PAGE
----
ORIGINAL RESEARCH article
Effect of Donor and Recipient ABH-Secretor Status on ABO-Incompatible Living Donor Kidney Transplantation
- 1Department of Urology/Institute of Urology, West China Hospital, Sichuan University, Chengdu, China
- 2Organ Transplantation Center, West China Hospital, Sichuan University, Chengdu, China
Introduction: ABO blood group antigens within grafts are continuously exposed to anti-A/B antibodies in the serum of recipients after ABO-incompatible (ABOi) kidney transplantation and are instrumental in antibody-mediated rejection. Some individuals secrete soluble blood group antigens into body fluids. In this study, we investigated the effect of donor and recipient secretor status on the outcomes of ABOi kidney transplantation.
Methods: Data of a total of 32 patients with ABOi living donor kidney transplantation were retrospectively collected between 2014 and 2020 in West China Hospital. The genotype and phenotype of both donors and recipients were examined and evaluated with post-transplantation anti-A/B titer changes, graft function, and rejection.
Results: Of the 32 recipients and 32 donors, 23 (71.9%) recipients and 27 (84.4%) donors had secretor genotypes, whereas 9 (28.1%) recipients and 5 (15.6%) donors did not. Anti-A/B titers after ABOi kidney transplantation were not significantly influenced by the secretor status of either donors or recipients. The post-transplantation serum creatinine (Scr) levels and estimated glomerular filtration rate (eGFR) was better in weak- or non-secretor recipients at day 30 (Scr P = 0.047, eGFR P = 0.008), day 90 (Scr P = 0.010, eGFR P = 0.005), and month 9 (eGFR P = 0.008), and recipients from secretor donors had a lower incidence of graft rejection in the first year after ABOi transplantation (P = 0.004).
Conclusions: A weak secretor status phenotype was found in both genotypes, i.e., individuals who secreted soluble antigens as well as those who did not. The recipient ABH-secretor status may have an influence on early posttransplant renal function, and the donor ABH-secretor status might affect the incidence of graft rejection.
Kidney transplantation from living donors has solved the problem of organ shortage to some extent (1, 2). However, approximately one third of potential living donors and recipients are ABO-incompatible (ABOi) (3). ABOi kidney transplantation is an alternative for cases when there are no ABO-compatible (ABOc) donors available. The initial development of ABOi kidney transplantation was hindered by the high rates of antibody-mediated rejection (AMR) after transplantation (4). Currently, ABOi is no longer considered a contraindication to kidney transplantation because of preconditioning protocols for the removal of anti-donor ABO antibodies (5). Long-term results show the same survival rate and organ function between ABOi and ABOc kidney transplantation (6).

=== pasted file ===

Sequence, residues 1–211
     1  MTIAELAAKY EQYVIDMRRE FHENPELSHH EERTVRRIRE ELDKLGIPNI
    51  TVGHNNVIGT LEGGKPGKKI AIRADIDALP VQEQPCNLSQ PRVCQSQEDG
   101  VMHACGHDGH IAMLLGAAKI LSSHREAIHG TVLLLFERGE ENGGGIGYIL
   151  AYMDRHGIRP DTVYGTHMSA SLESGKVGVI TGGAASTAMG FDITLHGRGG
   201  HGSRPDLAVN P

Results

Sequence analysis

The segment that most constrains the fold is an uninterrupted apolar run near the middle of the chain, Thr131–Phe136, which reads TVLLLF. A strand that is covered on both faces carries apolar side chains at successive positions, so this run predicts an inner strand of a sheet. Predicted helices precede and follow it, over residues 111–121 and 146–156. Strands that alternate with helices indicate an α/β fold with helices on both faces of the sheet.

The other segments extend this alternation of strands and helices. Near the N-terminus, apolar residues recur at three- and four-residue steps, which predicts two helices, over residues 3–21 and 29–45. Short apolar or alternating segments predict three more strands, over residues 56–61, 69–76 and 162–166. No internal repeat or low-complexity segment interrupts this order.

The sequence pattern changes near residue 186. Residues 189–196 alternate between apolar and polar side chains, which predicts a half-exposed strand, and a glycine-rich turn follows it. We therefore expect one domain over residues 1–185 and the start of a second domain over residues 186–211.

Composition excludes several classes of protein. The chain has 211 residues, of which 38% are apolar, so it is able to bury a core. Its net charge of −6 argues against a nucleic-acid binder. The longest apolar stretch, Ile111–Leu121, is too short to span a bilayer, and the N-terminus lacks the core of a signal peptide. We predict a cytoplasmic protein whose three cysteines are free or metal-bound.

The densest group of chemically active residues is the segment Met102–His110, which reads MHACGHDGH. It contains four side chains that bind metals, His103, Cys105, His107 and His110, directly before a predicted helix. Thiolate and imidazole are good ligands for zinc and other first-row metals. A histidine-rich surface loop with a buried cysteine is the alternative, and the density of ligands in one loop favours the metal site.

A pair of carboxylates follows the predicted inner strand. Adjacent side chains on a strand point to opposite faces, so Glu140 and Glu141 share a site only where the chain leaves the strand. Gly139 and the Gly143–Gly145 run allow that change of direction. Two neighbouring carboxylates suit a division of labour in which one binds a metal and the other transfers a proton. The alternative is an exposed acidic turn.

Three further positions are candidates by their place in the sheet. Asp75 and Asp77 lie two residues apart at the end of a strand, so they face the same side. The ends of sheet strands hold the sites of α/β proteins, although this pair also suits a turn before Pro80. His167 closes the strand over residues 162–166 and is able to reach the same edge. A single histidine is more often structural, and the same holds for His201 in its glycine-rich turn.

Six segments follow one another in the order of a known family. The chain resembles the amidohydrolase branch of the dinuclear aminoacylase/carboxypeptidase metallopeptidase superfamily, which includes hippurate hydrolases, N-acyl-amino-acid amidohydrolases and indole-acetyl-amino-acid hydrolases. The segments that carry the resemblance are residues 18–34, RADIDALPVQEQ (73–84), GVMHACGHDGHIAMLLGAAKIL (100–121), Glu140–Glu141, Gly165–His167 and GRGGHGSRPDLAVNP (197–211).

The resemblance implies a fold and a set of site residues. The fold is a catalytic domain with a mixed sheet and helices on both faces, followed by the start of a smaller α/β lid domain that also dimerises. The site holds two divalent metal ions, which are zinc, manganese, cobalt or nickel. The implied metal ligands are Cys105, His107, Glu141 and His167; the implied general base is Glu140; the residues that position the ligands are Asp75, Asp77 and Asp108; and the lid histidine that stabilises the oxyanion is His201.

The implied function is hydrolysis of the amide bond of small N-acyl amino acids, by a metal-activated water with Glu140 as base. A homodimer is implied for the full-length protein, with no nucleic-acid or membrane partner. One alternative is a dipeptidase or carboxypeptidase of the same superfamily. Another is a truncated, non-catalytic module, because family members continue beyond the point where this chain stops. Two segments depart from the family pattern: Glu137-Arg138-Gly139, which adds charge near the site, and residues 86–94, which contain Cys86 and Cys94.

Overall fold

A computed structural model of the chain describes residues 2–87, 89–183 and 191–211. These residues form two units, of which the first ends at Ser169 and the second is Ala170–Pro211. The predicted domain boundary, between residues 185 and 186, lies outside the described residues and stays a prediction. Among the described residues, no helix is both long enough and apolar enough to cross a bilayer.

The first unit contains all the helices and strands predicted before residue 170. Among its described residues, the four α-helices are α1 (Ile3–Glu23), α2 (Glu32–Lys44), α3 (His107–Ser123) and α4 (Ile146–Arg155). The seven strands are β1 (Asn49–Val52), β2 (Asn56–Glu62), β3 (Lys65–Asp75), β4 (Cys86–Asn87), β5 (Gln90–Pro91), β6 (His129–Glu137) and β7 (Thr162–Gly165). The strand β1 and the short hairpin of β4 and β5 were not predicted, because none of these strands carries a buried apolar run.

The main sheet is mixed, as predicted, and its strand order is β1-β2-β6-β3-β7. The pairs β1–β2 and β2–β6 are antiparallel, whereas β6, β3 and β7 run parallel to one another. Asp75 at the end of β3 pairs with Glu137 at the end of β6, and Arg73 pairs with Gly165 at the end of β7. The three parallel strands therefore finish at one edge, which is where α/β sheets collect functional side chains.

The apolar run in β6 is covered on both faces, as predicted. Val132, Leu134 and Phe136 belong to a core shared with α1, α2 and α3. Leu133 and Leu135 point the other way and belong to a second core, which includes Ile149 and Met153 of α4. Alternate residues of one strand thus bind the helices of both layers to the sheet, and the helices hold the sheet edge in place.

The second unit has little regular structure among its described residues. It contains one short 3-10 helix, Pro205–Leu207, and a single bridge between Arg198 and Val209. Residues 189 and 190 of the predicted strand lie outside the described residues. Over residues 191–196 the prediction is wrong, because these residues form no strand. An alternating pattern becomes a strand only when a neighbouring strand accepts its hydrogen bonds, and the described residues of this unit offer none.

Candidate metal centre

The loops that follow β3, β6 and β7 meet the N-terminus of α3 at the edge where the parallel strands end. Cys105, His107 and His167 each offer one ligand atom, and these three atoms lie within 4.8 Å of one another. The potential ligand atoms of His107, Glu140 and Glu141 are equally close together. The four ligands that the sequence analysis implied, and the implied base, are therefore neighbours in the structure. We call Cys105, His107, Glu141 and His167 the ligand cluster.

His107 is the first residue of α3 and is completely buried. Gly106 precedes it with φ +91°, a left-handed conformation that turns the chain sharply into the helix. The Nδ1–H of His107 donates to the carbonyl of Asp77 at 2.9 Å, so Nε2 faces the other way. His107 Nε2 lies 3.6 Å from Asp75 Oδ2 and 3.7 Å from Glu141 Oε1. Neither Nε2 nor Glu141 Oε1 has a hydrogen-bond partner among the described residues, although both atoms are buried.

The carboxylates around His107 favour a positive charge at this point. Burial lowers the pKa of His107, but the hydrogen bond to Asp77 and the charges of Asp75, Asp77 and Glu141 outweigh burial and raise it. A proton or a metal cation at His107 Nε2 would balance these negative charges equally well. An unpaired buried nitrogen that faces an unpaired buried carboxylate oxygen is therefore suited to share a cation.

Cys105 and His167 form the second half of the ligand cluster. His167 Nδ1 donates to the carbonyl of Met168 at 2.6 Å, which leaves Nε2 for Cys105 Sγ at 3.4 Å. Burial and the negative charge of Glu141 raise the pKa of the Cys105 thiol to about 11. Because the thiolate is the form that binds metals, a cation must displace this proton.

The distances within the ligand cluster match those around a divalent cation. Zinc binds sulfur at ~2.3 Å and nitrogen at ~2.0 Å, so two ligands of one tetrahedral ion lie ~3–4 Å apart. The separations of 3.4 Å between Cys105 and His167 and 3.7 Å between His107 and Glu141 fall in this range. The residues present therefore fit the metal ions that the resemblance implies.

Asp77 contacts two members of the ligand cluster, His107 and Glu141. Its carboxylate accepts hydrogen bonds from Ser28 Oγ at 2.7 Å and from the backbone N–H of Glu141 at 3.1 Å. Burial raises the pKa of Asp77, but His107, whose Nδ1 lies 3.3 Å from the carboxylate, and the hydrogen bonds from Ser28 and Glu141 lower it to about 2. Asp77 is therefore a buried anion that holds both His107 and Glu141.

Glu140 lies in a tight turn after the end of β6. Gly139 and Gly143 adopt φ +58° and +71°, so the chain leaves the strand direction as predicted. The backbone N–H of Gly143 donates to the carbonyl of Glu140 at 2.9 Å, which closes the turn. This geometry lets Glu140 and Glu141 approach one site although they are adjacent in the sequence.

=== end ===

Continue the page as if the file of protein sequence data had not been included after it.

To prevent AMR, pre-existing anti-A/B titers of recipients must be reduced to a safe range (e.g., ≤1:16 in most transplant centers) before ABOi transplantation (7–9). Two weeks after ABOi kidney transplantation, despite the presence of A/B antigen on the graft and the existence of corresponding antibodies in the recipient’s blood, there was no ABO antigen-antibody reaction and the ABOi allograft functioned normally. This tolerance is known as accommodation (10). However, when the anti-A/B titers were in a relatively safe range on the transplant day, some grafts still failed, while others survived the ABOi transplantation; therefore, the underlying mechanism needs to be elucidated (11).
In ABOi kidney transplantation, antigens A and B are mainly present in the vascular endothelium, distal convoluted tubules, and collecting ducts of the donor kidney. The β-galactoside α-1,2-fucosyltransferase, encoded by the FUT2 gene, is an enzyme required for the final step in the soluble A and B antigen synthesis pathway (12, 13). Individuals with FUT2 are capable of secreting soluble ABH blood group antigens into body fluids, including saliva (the most abundant), urine, tears, gastric juice, bile, amniotic fluid, serum, semen, sweat, and breast milk (14). For recipients whose blood types are blood group O, H antigens are secreted into body fluid instead of A or B antigens, which are detectable in the body fluid of individuals with blood types A and B, respectively. After ABOi kidney transplantation, renal grafts can secrete soluble A/B/H antigens into the blood of recipients according to the donor’s secretor status (15). However, the influence of the secretion status of donors/recipients on recipient accommodation remains controversial (16, 17). In this study, we investigated the correlation between the secretion status of donors/recipients and the prognosis of ABOi transplantation.